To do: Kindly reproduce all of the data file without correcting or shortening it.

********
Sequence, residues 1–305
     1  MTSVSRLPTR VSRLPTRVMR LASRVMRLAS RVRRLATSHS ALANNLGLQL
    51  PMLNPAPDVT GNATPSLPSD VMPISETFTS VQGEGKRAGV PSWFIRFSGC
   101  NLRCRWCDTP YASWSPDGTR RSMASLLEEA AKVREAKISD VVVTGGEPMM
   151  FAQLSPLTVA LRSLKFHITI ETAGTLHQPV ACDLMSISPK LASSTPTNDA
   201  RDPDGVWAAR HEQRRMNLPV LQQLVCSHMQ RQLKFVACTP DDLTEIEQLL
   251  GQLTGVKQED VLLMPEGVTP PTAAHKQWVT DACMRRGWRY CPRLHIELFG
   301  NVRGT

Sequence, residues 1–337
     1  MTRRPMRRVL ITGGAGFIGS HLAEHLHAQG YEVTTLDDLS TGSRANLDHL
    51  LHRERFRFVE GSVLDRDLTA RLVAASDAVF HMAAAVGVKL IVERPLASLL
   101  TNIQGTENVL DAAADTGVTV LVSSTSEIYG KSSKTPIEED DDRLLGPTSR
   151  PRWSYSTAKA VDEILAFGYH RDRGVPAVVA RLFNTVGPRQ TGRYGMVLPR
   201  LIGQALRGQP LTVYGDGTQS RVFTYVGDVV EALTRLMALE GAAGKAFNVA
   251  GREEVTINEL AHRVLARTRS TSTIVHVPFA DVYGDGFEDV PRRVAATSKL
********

Sequence, residues 1–305
     1  MTSVSRLPTR VSRLPTRVMR LASRVMRLAS RVRRLATSHS ALANNLGLQL
    51  PMLNPAPDVT GNATPSLPSD VMPISETFTS VQGEGKRAGV PSWFIRFSGC
   101  NLRCRWCDTP YASWSPDGTR RSMASLLEEA AKVREAKISD VVVTGGEPMM
   151  FAQLSPLTVA LRSLKFHITI ETAGTLHQPV ACDLMSISPK LASSTPTNDA
   201  RDPDGVWAAR HEQRRMNLPV LQQLVCSHMQ RQLKFVACTP DDLTEIEQLL
   251  GQLTGVKQED VLLMPEGVTP PTAAHKQWVT DACMRRGWRY CPRLHIELFG
   301  NVRGT

Sequence, residues 1–337
     1  MTRRPMRRVL ITGGAGFIGS HLAEHLHAQG YEVTTLDDLS TGSRANLDHL
    51  LHRERFRFVE GSVLDRDLTA RLVAASDAVF HMAAAVGVKL IVERPLASLL
   101  TNIQGTENVL DAAADTGVTV LVSSTSEIYG KSSKTPIEED DDRLLGPTSR
   151  PRWSYSTAKA VDEILAFGYH RDRGVPAVVA RLFNTVGPRQ TGRYGMVLPR
   201  LIGQALRGQP LTVYGDGTQS RVFTYVGDVV EALTRLMALE GAAGKAFNVA
   251  GREEVTINEL AHRVLARTRS TSTIVHVPFA DVYGDGFEDV PRRVAATSKL